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“Knowing that I had good doctors and nurses to take care of me helped me not feel so alone during the entire process.”

— Grace

Grace’s Story

A Rapidly Increasing Problem

“A photo that means a thousand words!” That was the title of an email sent from a cardiac patient treated at Nemours Children’s Hospital, Florida to say thank you to the care team who were with her for her third heart ablation. In the picture Grace, the patient, is smiling brightly, surrounded by her medical team.

After experiencing heart palpitations at age 14, Grace was diagnosed with Wolff-Parkinson-White (WPW) syndrome. With WPW, an extra signaling pathway between the heart’s upper and lower chambers causes a fast heartbeat. Grace had her first heart ablation and was told she could return to the activities she loved, such as cheerleading and running track. But, a few months later, she experienced more dizzy spells and fatigue. 

Beginning Care with Nemours Children’s

Since her doctor had left the state, Grace was seen by a cardiologist at Nemours Children’s Hospital in Orlando. Grace then had her second heart ablation at age 14. Her recovery was normal, but once again, her uncomfortable palpitations resumed. “I knew something still wasn’t right, but there was no evidence to prove it,” Grace said.

Four years later, Grace remembers having a frightening episode of heart palpitations. This time Grace was seen by Dr. Svjetlana Tisma-Dupanovic, medical director of the Cardiac Center at Nemours Children’s. “We took Grace to our electrophysiology laboratory and performed successful radiofrequency ablation and removal of her WPW pathway that was causing her tachycardia,” said Dr. Tisma-Dupanovic. “Her accessory pathway was located very close to the normal conduction (AV node), making it challenging to eliminate during previous procedures. We are so happy that Grace can now enjoy life to its fullest.”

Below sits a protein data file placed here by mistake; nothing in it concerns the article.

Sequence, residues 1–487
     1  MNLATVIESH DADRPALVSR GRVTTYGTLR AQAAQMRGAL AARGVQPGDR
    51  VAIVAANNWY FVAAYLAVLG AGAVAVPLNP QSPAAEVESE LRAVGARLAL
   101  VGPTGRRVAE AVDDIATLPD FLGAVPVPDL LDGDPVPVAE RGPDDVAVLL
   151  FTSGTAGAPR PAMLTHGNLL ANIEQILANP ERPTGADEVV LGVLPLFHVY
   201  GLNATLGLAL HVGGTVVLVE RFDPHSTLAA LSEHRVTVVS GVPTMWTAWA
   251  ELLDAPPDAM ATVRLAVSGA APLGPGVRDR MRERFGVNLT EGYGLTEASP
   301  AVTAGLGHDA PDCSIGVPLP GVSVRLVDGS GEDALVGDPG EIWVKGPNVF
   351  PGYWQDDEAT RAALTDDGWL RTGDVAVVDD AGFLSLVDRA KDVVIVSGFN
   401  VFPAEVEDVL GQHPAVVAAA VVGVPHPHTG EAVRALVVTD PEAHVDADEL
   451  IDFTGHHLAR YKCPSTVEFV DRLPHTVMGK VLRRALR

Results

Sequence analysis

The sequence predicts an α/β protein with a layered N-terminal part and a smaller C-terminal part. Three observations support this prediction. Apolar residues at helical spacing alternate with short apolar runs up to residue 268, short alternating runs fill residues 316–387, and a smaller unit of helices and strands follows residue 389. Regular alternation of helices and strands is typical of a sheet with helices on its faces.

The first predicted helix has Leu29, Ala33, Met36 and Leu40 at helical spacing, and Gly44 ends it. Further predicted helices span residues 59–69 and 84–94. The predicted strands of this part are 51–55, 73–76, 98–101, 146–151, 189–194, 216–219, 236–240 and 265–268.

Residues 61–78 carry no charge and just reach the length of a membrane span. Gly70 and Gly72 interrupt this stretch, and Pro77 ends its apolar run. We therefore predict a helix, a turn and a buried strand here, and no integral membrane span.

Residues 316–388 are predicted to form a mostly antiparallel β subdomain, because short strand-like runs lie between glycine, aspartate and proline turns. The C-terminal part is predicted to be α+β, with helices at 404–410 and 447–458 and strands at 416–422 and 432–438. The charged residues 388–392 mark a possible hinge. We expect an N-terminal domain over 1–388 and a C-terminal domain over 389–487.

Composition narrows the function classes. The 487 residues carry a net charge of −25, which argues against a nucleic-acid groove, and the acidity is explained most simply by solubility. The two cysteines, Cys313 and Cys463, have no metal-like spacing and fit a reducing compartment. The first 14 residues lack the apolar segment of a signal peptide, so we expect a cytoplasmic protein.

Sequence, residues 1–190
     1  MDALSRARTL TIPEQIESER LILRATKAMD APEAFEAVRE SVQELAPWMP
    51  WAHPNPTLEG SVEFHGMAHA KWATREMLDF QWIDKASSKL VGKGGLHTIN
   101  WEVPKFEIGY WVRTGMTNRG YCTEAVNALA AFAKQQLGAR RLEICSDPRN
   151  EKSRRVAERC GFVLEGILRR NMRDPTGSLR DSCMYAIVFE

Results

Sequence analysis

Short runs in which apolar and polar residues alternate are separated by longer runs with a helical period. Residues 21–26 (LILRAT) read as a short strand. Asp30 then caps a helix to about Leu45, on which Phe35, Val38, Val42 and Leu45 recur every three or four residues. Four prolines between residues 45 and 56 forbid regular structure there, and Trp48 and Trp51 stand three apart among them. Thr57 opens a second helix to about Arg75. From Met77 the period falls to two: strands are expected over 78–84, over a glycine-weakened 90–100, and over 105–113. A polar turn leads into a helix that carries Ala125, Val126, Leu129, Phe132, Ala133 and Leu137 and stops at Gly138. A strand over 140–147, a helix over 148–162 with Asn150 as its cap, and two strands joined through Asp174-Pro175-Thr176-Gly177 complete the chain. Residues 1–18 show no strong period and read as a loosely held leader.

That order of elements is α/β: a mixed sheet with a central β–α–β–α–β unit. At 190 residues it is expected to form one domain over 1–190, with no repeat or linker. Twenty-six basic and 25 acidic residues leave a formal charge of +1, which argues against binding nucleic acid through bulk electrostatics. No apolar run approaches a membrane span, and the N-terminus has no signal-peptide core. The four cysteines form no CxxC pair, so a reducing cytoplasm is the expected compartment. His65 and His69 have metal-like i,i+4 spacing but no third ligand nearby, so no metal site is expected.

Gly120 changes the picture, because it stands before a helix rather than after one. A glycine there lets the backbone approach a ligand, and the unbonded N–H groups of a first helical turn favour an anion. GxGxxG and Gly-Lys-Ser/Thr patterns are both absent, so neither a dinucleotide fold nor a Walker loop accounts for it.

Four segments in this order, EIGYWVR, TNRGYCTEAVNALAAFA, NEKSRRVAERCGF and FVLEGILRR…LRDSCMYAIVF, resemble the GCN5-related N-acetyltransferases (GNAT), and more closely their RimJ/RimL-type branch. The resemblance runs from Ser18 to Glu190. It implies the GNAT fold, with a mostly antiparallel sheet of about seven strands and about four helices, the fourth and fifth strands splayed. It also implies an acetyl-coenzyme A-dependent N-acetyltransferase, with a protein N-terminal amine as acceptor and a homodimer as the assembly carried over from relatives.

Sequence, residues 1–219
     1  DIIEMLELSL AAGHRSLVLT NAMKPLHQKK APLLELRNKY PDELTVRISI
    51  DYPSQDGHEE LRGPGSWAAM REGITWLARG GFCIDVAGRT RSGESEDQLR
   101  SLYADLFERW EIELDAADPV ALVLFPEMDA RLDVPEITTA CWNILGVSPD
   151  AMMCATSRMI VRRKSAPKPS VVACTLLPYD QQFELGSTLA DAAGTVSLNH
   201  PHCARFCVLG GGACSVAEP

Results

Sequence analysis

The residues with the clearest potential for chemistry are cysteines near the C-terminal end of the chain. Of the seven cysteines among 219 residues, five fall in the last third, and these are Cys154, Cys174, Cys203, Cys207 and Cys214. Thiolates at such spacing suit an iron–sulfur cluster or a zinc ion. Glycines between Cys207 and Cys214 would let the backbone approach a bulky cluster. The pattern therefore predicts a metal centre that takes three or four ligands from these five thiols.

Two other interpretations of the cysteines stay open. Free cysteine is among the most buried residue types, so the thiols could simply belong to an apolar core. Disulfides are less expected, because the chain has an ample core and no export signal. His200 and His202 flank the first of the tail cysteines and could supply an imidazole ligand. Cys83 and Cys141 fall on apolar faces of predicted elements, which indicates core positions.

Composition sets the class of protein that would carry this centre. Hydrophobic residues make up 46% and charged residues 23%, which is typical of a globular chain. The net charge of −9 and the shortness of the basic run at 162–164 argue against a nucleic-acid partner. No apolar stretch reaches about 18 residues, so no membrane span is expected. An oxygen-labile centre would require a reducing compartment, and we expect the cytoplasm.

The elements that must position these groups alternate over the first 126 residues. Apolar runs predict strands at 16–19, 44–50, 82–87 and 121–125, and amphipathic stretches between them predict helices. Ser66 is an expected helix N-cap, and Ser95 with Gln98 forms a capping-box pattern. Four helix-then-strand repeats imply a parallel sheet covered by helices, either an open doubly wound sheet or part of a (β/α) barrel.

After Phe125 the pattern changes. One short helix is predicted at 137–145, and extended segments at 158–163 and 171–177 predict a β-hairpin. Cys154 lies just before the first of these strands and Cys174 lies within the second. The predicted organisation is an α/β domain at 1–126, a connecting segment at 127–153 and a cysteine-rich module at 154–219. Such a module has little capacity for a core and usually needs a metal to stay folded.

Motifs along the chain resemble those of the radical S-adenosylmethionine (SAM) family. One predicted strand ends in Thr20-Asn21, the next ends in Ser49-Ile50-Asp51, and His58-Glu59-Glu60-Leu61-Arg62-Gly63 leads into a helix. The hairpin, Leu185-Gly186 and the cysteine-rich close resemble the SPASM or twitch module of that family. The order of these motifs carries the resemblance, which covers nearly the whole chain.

“Knowing that I had good doctors and nurses to take care of me helped me not feel so alone during the entire process. They always knew how to put a smile on my face even if I received the worst news,” said Grace. For other children on this journey, she offers, “don’t let anyone downplay your feelings or symptoms.”

Positive — and Lasting — Results

One year later, Grace, now 19 years old, attends business classes at Santa Fe College in Gainesville and recently learned that she no longer needs to see a cardiologist.

It is thought that WPW Syndrome occurs on average in 1.5 cases per 1,000 in otherwise healthy individuals. However, Nemours Children’s Health cardiac providers are noticing that with increasing EKG screening in athletes, they are seeing more individuals with the WPW pattern.

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